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An interpreter talks about the importance of her job

Canadian Translators, Terminologists and Interpreters Council


Adapted from an article by Samuel Ramos published in The Source, Vancouver, British Columbia, August 2012.

It's hard for Fenella Sung to imagine a world without translators and interpreters. Sung, a certified Chinese‑to‑English translator and interpreter in Greater Vancouver, has been a part of courtroom proceedings, immigration cases, medical procedures and large business deals between the private and government sectors for over 20 years. In each case, she doesn't want to be seen, just heard.

"I tell my clients to treat me as if I'm invisible. I am just your voice," says Sung. She has just two rules for her clients: look directly at each other and not at her; and speak directly to each other and not at her. Once the rules are in place, she doesn't want to be acknowledged.

Interpreters and translators are a vital part of daily operations, according to Sung, an affiliate member of the Canadian Translators, Terminologists and Interpreters Council. She represents one of the many unsung heroes whose skills play an important role in making sure linguistic differences don't hinder the lives of people living in a globalized world. "We are a hidden treasure. If all the interpreters and translators stopped working for one single day, the world would stop spinning," she says.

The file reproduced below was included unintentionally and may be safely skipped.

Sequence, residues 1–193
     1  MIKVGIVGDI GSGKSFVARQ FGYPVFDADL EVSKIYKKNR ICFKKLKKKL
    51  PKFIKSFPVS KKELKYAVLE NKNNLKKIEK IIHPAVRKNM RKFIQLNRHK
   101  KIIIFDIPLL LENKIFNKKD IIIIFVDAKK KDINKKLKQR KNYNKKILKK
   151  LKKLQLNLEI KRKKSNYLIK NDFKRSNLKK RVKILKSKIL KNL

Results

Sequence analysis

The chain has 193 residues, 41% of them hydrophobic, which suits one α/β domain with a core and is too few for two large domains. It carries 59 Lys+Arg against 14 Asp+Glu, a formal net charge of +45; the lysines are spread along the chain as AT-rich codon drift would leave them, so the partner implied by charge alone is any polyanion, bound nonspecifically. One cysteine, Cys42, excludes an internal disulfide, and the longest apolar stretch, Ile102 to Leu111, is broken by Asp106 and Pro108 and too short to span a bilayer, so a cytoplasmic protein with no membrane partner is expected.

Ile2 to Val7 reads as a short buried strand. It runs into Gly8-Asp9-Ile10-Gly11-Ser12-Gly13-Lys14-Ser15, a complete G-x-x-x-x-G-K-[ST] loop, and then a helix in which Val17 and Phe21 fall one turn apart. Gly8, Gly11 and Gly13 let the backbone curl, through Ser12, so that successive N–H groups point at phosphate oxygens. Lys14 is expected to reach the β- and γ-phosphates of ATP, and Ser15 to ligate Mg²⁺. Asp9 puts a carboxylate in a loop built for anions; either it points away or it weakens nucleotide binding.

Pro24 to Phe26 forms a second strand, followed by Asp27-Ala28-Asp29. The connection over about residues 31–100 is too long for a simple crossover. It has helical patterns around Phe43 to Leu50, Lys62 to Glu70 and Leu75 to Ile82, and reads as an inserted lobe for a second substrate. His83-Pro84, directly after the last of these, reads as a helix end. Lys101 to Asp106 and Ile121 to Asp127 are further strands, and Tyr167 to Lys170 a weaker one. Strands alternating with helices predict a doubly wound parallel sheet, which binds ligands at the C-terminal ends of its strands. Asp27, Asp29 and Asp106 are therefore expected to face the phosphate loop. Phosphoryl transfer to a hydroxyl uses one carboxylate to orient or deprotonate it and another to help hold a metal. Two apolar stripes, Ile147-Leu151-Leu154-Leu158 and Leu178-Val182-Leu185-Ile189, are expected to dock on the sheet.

The impact of the invisible voice

Going to the supermarket or to the bank doesn't require a certified interpreter, but in legal or medical situations Sung encourages clients to hire one.

She says that around 20 to 30 languages are interpreted in Greater Vancouver on a daily basis. She is among the 675 translators and interpreters who are recognized by the Society of Translators and Interpreters of British Columbia (STIBC). There are more who have not been recognized, but are still practicing, according to Joann McKinlay, STIBC's executive director.

McKinlay says her organization provides a list of members who are certified in over 80 language combinations, and who signed a code of ethics to agree to act professionally and ethically. But she admits that there are too many occasions where a professional interpreter is not called, which can lead to problems.

"Even a child may be called to translate," says McKinlay. She and her colleague, Sung, are all too familiar with stories of translations gone wrong.

The horror of being lost in translation

"If we are certified, we know our [boundaries]. We know our role," says Sung in reference to the importance of being a good interpreter. She knows that non‑English speakers will ask a family member to interpret for them, because they think the person has their best interests at heart, but she says this leads to problems. "Some seemingly minor stuff might be insignificant to the family member, but to a health care provider, it might be important," says Sung. [The patient] runs the risk of being misdiagnosed."